Can Anxiety Cause Muscle Pain?

The connection between mind and body is not as mystical as many might think. Just like when it hurts us somewhere we may be angry or sad because of it, the reverse relationship also exists.

Our emotional state influences the severity and amount of physical symptoms we may experience, whether or not they are related to actual physical illness. Depression, stress and especially anxiety can worsen our physical health.

Of all the illnesses we can feel, Can Anxiety Cause Muscle Pain? Below we will see the answer.

    Can High Levels of Anxiety Cause Muscle Pain?

    The mind and the body are known to be connected in two directions. Mental and physical health influence each other, and when one is impaired, it’s only a matter of time before the other is harmed as well, even though we don’t know it. For example, when we break a leg the pain will produce sadness, nervousness and anger and even if we have already cast a cast it will inevitably make us frustrated that we cannot walk as usual for a long time. .

    The reverse relationship also exists. If our mood is altered, our physical health will be affected sooner or later. If we are depressed or worried, our physical health will suffer, mainly by weakening the immune system, which makes us more likely to get sick. By having a low mood, our body also sees its ability to respond to pathogens reduced.

    But while depression is a relatively common problem, it is not as much as anxiety. Anxiety can be defined as a mental state in which the person experiences great restlessness, intense excitement, and extreme insecurity. It is a response mechanism of the body to a situation perceived as dangerous to both physical and mental integrity, preparing us to emit flight or fight behavior.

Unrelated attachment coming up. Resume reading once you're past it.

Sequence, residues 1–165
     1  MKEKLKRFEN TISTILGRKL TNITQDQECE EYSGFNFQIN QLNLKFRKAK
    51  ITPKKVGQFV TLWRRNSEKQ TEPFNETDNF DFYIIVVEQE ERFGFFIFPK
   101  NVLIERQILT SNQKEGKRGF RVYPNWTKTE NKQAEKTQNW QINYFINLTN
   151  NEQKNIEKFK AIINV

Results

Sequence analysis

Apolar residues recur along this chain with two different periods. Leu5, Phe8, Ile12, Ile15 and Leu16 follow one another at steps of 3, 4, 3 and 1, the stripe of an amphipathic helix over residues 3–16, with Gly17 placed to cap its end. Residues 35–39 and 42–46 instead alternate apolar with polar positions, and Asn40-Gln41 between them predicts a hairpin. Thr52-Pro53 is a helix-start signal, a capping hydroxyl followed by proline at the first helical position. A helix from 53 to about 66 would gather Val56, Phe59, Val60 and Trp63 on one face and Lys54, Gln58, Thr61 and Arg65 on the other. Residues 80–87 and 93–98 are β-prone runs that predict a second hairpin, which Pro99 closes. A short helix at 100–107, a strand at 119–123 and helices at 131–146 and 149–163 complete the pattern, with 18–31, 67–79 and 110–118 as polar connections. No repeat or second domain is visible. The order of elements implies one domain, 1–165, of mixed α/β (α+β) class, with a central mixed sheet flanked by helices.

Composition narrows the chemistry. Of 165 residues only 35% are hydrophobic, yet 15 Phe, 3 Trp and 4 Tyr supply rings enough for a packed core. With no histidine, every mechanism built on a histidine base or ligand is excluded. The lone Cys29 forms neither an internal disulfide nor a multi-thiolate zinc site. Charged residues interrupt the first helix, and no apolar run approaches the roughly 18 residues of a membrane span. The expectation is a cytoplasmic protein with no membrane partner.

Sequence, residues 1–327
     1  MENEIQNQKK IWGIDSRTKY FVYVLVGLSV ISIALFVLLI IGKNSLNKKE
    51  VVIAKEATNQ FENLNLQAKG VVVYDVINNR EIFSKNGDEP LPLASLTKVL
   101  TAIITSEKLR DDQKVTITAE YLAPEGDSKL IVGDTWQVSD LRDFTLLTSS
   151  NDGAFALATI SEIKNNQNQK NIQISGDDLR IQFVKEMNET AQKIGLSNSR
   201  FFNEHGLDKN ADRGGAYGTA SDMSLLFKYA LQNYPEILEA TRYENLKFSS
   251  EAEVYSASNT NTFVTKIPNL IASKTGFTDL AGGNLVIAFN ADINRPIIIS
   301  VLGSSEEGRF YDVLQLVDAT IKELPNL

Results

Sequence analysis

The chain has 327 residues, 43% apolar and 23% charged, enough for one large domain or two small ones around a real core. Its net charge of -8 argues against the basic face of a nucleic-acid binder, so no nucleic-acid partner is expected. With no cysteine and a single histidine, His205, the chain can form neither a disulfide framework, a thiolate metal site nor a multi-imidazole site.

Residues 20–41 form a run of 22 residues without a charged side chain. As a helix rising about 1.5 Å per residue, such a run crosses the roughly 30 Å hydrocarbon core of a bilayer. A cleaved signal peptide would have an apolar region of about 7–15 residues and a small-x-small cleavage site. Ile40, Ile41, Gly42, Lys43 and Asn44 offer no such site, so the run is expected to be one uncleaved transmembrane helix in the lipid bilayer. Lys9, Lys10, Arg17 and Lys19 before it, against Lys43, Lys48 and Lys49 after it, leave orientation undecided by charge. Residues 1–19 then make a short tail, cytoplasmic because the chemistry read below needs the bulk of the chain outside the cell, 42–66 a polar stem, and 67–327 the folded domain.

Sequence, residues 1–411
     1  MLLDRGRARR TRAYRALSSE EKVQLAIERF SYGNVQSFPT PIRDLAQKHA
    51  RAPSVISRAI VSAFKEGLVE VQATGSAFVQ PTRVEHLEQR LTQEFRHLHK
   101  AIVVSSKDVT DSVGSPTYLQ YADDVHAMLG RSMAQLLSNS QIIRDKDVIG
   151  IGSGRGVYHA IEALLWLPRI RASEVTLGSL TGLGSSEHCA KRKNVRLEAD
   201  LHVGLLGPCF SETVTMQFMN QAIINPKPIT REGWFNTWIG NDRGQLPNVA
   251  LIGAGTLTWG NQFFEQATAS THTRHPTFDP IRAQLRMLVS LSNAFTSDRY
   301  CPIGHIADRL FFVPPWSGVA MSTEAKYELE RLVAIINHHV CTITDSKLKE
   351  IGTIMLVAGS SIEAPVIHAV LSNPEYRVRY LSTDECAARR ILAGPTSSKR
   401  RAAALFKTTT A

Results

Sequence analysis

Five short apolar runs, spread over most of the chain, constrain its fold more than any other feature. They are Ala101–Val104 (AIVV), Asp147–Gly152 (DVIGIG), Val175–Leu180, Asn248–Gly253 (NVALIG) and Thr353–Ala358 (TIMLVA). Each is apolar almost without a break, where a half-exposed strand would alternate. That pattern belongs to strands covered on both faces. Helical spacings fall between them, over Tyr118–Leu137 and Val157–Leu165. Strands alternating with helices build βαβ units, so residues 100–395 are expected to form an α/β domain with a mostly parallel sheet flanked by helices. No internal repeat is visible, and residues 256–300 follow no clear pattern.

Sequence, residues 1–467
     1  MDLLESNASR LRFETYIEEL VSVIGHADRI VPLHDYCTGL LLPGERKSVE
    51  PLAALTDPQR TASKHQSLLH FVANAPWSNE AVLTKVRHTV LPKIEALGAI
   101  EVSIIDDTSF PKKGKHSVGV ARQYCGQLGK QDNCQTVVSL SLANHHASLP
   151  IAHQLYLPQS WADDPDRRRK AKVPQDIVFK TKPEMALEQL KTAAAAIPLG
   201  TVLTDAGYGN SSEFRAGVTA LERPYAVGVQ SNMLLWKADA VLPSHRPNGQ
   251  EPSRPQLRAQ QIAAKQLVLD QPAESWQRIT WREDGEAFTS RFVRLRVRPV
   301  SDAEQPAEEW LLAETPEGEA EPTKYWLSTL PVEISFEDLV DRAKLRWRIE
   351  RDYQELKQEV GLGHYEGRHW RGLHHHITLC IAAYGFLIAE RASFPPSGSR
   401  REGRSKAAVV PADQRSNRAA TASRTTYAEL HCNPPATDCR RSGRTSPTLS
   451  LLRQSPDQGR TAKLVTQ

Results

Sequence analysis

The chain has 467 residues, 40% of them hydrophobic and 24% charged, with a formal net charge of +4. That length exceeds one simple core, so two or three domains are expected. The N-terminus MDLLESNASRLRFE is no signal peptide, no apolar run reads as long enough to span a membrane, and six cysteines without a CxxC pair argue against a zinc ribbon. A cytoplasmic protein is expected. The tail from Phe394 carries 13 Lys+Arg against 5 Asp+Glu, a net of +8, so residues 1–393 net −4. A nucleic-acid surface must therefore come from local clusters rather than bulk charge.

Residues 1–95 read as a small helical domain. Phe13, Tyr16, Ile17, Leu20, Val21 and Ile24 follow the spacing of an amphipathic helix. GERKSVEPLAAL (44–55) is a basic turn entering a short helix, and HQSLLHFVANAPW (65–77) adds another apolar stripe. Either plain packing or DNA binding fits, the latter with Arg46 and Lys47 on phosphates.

Anxiety is an innate response that we cannot get rid of, nor should it be pathologized to the minimum that appears. However, at high levels it induces problems in the body, becoming a pathology damaging both our mental and physical health. In anxiety disorders, this emotion, far from activating us to face a threat that can hurt us, becomes a threat in itself.

    Psychosomatization, anxiety and muscle pain

    Psychosomatic illnesses are physical ailments the cause of which is related to a psychological problem. It is estimated that almost 12% of the European population suffers from this type of discomfort and it has been hypothesized that a quarter of people who attend primary care, suffering from muscle pain and other physical ailments, have their real problem in mind. Considering the frequency of anxiety, it is not surprising that this is the main psychological problem behind these cases.

    A person is considered to have somatization when they have one or more physical symptoms and, after having undergone a medical examination, these symptoms cannot be explained by a known medical condition or, if applicable, the symptoms and symptoms. Its consequences are too serious. compared to a typical picture of this disease. The severity of the symptoms and the uncertainty of not knowing where they came from cause great discomfort in different areas of their life.

    Muscle pain is a very common problem in the population. In most cases where the cause is psychological, the affected people go to medical services several times. Due to the saturation of medical services, it is already difficult to diagnose muscle pain caused by anxiety at first, professionals prescribe pain relievers, focusing only on the physical symptoms of the disease.

    When we say that muscle pain can be caused by anxiety, we are not saying that the person necessarily has a childhood trauma or an anxiety disorder, which produced their physical problem. Perfectly, this person can suffer from anxiety on a daily basis without even realizing it. She dives into her daily life and analyzes how her daily life we ​​can see that she experiences small episodes of anxiety which, although seemingly harmless and tiny, can psychosomatize in back pain.

    At other times, doctors, seeing that they cannot find a physical cause to explain these pains, they understand that there could be an anxiety problem behind them and they know that the patient must be referred to a psychologist.. The problem is that often the same patients deny having anxiety issues, seeing it either as a misdiagnosis by a doctor or not fully understanding what the relationship may be. anxiety and muscle pain.